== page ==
This article was originally published at FiveThirtyEight on April 26, 2016.
Despite all the noise from both sides of the debate, when you run the numbers, it turns out that Donald Trump could win the nomination on the first ballot precisely because of the GOP’s delegate rules. Ted Cruz also benefits, but not until later ballots. The losers? John Kasich and all the other candidates, and their supporters.
Next Tuesday, voters will witness something that has become as rare as a total solar eclipse: a very competitive Democratic Senate primary in a race that matters. Former U.S. Rep. Joe Sestak, Katie McGinty, who was most recently chief of staff to Gov. Tom Wolf, Braddock Mayor John Fetterman, and businessman Joe Vadvarka are vying for the nomination to take on GOP U.S. Sen. Pat Toomey in the...
The likelihood of Donald Trump or Ted Cruz as the GOP's presidential nominee has given Democrats newfound optimism about their prospects for down-ballot success in 2016. A Hillary Clinton landslide could force Republicans in swing and light-red districts to run against the top of their own ticket and to argue that they would be needed in Congress as a check on a Clinton agenda.
Hillary Clinton and Donald Trump easily won Tuesday’s New York primary. That was entirely expected and consistent with recent polling. Here’s what the road ahead looks like for the two frontrunners and their closest competitors.
On Saturday, Democrats claimed a late recruiting coup when state Sen. Terri Bonoff announced she will challenge four-term GOP Rep. Erik Paulsen in suburban Minneapolis's 3rd CD. Paulsen's moderate demeanor and record are a good fit here: he took 58 percent in 2012 and 62 percent in 2014. But a Donald Trump or Ted Cruz nomination could be problematic for down-ticket Republicans in the 3rd, by...
It's not quite a mass exodus, but nearly four dozen members of the House are headed for the exits this year. Despite the GOP's historic majority, nearly two thirds are Republicans - including over a dozen members of the class of 2010. The good news for both parties - but especially Republicans - is that a majority of these are safe seats. We currently rate only 13 of these seats as vulnerable,...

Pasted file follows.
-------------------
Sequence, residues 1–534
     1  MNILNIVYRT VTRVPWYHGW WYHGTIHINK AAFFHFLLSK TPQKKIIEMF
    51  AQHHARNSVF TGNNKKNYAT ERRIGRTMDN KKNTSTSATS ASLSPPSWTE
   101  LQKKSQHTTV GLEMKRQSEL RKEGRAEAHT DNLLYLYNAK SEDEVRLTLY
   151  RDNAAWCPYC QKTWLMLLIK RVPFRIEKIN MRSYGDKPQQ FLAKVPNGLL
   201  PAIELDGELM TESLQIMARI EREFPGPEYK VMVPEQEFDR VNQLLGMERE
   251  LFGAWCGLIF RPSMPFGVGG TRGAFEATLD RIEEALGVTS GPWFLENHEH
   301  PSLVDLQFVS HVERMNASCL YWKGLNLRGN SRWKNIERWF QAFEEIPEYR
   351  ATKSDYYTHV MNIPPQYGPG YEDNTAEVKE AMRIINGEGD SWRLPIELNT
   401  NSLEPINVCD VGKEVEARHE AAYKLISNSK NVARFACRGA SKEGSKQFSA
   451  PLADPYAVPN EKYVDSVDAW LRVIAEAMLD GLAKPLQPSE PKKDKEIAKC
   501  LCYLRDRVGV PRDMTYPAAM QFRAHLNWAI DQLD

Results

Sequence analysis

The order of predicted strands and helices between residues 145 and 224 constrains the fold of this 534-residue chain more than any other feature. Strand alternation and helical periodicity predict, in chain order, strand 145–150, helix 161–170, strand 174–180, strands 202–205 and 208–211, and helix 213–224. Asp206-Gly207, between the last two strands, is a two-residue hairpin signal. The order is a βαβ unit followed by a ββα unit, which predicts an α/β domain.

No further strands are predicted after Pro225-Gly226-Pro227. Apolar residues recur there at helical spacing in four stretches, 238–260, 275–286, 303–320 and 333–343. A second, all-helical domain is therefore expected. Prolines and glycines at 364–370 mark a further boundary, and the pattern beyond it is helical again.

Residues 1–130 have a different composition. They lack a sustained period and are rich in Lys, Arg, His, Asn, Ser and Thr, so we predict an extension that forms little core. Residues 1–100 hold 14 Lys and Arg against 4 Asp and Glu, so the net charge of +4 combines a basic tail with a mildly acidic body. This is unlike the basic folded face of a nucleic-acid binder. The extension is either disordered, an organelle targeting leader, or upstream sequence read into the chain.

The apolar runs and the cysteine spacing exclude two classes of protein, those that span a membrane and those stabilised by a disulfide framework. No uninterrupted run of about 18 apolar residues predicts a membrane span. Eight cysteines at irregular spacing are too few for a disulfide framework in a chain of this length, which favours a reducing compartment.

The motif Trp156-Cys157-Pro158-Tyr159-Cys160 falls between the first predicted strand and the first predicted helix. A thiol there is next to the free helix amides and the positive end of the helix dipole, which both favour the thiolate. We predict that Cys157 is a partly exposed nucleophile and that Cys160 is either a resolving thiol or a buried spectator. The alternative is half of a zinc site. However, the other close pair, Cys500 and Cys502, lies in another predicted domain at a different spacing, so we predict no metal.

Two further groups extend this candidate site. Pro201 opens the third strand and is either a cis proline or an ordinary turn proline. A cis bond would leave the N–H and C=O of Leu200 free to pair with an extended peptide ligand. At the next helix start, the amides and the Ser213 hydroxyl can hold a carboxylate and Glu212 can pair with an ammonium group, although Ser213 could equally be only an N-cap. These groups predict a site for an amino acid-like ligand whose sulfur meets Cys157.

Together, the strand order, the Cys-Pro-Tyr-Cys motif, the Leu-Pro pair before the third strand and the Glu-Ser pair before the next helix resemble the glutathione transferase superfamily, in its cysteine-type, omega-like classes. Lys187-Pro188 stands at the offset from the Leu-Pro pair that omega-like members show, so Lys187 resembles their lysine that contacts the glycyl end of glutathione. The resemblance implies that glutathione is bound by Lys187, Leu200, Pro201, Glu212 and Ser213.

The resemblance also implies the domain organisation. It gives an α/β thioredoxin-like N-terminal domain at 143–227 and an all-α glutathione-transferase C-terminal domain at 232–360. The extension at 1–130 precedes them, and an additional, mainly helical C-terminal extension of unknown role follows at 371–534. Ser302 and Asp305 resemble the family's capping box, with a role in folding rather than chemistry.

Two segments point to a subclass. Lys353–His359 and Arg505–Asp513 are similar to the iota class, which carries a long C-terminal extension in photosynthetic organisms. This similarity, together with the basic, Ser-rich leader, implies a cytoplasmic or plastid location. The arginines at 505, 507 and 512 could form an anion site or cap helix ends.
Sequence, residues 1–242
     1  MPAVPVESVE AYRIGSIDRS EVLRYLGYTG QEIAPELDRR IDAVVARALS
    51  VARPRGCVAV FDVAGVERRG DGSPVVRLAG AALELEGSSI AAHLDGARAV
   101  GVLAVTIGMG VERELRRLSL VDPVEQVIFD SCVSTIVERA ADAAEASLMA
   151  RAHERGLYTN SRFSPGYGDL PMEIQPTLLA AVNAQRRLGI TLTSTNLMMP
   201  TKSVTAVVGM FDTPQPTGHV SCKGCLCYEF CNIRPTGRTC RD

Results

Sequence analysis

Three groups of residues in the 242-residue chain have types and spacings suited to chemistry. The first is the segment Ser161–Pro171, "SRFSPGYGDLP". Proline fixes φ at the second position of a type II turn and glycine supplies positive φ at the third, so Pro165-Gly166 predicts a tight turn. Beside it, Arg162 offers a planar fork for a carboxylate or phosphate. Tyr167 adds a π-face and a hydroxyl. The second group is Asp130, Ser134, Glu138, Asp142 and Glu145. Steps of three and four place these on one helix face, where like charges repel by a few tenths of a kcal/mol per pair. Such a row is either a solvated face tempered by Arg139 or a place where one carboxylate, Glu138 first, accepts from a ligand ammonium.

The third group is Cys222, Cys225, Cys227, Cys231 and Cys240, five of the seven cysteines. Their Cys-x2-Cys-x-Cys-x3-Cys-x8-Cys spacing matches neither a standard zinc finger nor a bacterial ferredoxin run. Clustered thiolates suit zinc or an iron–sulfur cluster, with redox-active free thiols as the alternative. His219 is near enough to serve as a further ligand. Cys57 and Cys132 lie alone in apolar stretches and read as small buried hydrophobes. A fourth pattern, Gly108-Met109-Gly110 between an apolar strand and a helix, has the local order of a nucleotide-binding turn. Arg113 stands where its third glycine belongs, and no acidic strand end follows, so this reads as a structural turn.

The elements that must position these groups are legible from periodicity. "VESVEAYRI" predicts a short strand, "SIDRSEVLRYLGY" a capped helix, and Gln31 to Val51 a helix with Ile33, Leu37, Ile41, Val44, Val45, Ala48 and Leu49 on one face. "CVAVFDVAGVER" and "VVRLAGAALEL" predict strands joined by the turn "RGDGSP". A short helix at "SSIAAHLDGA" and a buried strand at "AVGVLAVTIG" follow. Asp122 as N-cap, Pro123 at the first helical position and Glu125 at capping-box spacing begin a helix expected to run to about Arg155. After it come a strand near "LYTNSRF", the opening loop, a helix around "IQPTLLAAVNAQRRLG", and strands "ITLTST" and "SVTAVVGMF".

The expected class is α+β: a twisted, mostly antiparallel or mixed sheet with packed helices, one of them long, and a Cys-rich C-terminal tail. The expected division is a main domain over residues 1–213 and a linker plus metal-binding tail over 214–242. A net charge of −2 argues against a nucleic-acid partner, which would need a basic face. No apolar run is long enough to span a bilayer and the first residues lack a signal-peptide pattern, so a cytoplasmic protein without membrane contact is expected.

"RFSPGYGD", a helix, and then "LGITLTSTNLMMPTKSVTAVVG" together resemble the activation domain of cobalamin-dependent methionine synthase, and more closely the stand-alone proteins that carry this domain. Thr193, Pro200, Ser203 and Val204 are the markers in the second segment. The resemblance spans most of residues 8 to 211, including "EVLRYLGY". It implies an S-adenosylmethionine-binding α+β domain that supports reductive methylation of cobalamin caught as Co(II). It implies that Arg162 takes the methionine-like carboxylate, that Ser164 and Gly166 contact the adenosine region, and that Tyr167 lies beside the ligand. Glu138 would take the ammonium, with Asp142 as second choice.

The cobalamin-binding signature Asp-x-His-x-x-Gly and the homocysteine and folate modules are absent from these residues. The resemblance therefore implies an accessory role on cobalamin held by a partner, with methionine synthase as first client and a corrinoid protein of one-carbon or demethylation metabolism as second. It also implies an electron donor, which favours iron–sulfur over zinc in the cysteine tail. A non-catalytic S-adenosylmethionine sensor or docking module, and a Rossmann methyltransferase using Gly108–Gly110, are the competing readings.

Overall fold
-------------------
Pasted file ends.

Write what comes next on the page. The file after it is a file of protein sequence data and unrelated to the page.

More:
In 2014, a good political environment, a weakened Democratic President and several open Democratic-held seats in red states combined to give Senate Republicans a nine-seat gain and the majority. In 2016, the tables are turned. Republicans will defend 24 seats to just 10 for Democrats. Of those 24 seats, President Obama carried the states of five of them in 2012 by at least five points, and carried two more by one and three points. Neither party has been helped by open seats, particularly compared to the last three cycles. Democrats need five seats – or four if they retain the White House – to take back the majority. Wth two weeks before Election Day, Democrats appear to be on track to pick up between four and six seats.
The 2016 election resulted in a House breakdown of 240 Republicans and 194 Democrats, with one Louisiana seat headed to a December 10 runoff that is very likely to be won by a Republican. Democrats scored a net gain of six seats, a disappointing result for a party that had hoped to pick up more than 15 and cut the GOP's majority in half. Democrats' best hope for a majority in 2018 would be an unpopular President Donald Trump. But given Republicans' redistricting advantages and how well sorted-out the House has become, it could still be very difficult for Democrats to pick up the 24 seats they would need.
The 2016 cycle will host 12 gubernatorial contests, including the special election in Oregon. Democrats are defending eight seats to four for Republicans. The marquis contests will be the Democratic-held open seats in Missouri, New Hampshire and West Virginia, and in North Carolina where GOP Gov. Pat McCrory is seeking a second term. With so few seats on the ballot, neither party is likely to make significant gains or sustain big losses.
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Charlie Cook's Column
Hostile Swing Voters Spell Trouble for House RepublicansFebruary 28, 2017
The two-thirds of Republicans in the House who have never served when the GOP held majorities in the House and Senate alongside a GOP president can be forgiven for not remembering the last time they were similarly situated. It was 2006, and they lost 30 seats in the House. When Democrats were last in that situation, it was 2010 and they lost 63 House seats. When one party...Read more »
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